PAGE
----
John Bailey, White Plains CitizeNetReporter Michael Edelman, Esq., Political Analyst, and Hezi Aris, Yonkers Tribune Editor-at-Large, on Westchester On the Level – Monday, August 5, 2019 @10am EST

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Listen to the broadcast “live” or “on demand” – 

The broadcast is initiated every Monday to Friday from 10am-12Noon EST. An archive is created by 12:15pm.

Topics of discussion are defined herein:

  1. John Bailey, White Plains CitizeNetReporter ( Publisher / Editor opens the broadcast day at 10am. This segment from 10-10:30am. We open with John Bailey’s exclusive report on Westchester County Board of Elections Commissioners Reginald LaFayette (Democrat) and Douglas Colety (Republican) appearing before the Westchester County Budget and Appropriations Committee informing how early voting is going to work and if this new pattern of voting is an anomaly specific to this year or will become the future norm. 
  2. Highlights of the interview of White Plains’ Richard Payne’s story of the Block Island windfarm and an update of New York State wind farms intended for Long Island. We learn the cost, how long it will took to implement, whether it is successful, whether residents welcomed the build-out, and its efficacy with respect to investment, costs, ecological impact to marine life, birds, and people.
  3. Review of the operating success of Westchester County’s management of Rye Playland.

Michael Edelman, Esq., Political Analyst, delves into local, national and international news and analysis from 10:30-11am.

  1. We speak to the recent massacre that took place this weekend. The first in El Paso, TX with 20 people murdered, and 27 more injured, and second such terrorist conduct took place in Dayton, OH with 9 murdered and an additional 16 or more injured. These two incidents came about after a 19-year-old shot and killed three people, including two children, at Northern California’s Gilroy Garlic Festival. Are these incidents being exacerbated by the rhetoric heard from President Trump as expressed by Democratic Presidential hopeful Beto O’Rourke suggests:  “Trump’s ‘racist,’ ‘white nationalist’ rhetoric encourages attacks.” that simply electioneering pandering.  Acting White House Chief of Staff Mick Mulvaney suggests otherwise, informing that, “This is a serious problem, no question about it, but these are sick people and the president knows it. But I don’t think it’s fair to lay this at the feet of the president. Should there be greater scrutiny with respect to buying an assault rifle or any armament? Will the NRA relent? Will the Democrats propose new legislation against the capacity to procure an assault weapon? Or is this issue plodding along from one atrocity to another, born on the back of hatred that the nation is only beginning to address but in selective fashion. What is the driving force of such attacks? Whatever happened to alleged background checks? Do they exist or is it a way to placate the nation?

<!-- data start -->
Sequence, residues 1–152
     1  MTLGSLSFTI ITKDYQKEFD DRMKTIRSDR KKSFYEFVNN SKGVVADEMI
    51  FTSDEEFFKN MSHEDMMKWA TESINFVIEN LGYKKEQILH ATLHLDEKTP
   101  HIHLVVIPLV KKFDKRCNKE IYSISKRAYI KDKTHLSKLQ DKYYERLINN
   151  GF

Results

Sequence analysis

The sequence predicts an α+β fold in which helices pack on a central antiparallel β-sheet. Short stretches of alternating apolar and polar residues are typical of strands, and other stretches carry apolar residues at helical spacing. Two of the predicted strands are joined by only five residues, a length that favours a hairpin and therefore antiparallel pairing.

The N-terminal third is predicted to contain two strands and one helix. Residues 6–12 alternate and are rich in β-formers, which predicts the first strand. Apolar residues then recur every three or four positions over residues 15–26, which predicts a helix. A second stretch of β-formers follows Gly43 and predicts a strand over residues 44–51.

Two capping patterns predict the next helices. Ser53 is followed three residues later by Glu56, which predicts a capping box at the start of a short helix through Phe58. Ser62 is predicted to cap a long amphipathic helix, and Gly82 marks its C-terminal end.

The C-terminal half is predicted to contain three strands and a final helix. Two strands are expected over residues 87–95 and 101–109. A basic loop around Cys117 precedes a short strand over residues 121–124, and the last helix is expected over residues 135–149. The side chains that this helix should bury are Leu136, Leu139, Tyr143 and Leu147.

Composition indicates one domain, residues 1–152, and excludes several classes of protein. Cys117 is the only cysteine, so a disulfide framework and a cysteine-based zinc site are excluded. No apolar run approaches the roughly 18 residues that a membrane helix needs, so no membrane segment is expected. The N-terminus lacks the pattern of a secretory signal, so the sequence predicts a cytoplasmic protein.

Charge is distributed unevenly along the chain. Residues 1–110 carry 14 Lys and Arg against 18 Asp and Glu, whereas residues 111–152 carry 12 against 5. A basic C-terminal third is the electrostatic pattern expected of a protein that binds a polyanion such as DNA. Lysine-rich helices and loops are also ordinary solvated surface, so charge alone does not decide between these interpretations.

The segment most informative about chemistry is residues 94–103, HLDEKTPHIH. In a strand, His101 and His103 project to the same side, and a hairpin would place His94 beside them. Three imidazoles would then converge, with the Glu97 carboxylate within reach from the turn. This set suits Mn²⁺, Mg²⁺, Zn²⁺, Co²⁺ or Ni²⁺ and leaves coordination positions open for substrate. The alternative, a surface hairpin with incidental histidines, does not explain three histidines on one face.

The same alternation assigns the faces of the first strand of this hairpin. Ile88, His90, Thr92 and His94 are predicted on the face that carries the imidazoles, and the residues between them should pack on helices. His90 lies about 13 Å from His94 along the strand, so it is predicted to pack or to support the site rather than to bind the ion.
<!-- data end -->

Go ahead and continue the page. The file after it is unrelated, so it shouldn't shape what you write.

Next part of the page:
2. Presidential candidate Bernie Sanders (VT-I) called on Senate Majority Leader Mitch McConnell to bring the Senate back into session immediately to pass HR 8, the gun safety bill that is a first step to addressing our gun violence epidemic.  Yet on Sunday it was learned that Senate Majority Leader Mitch McConnell (R-KY) had fractured his shoulder after falling at his Kentucky home. The 77-year-old McConnell has been treated and released from the hospital and is working from his home in Louisville. The injury comes as a number of Democrats and some Republicans have called upon McConnell to cancel the Senate’s August recess so that lawmakers can pass gun control legislation in the aftermath of two deadly mass shootings this weekend. House Speaker Nancy Pelosi demanded that Senate Republicans put an end to to their “outrageous obstruction,” referencing McConnell’s refusal to bring two background check bills passed in the House this year for a vote on the Senate floor.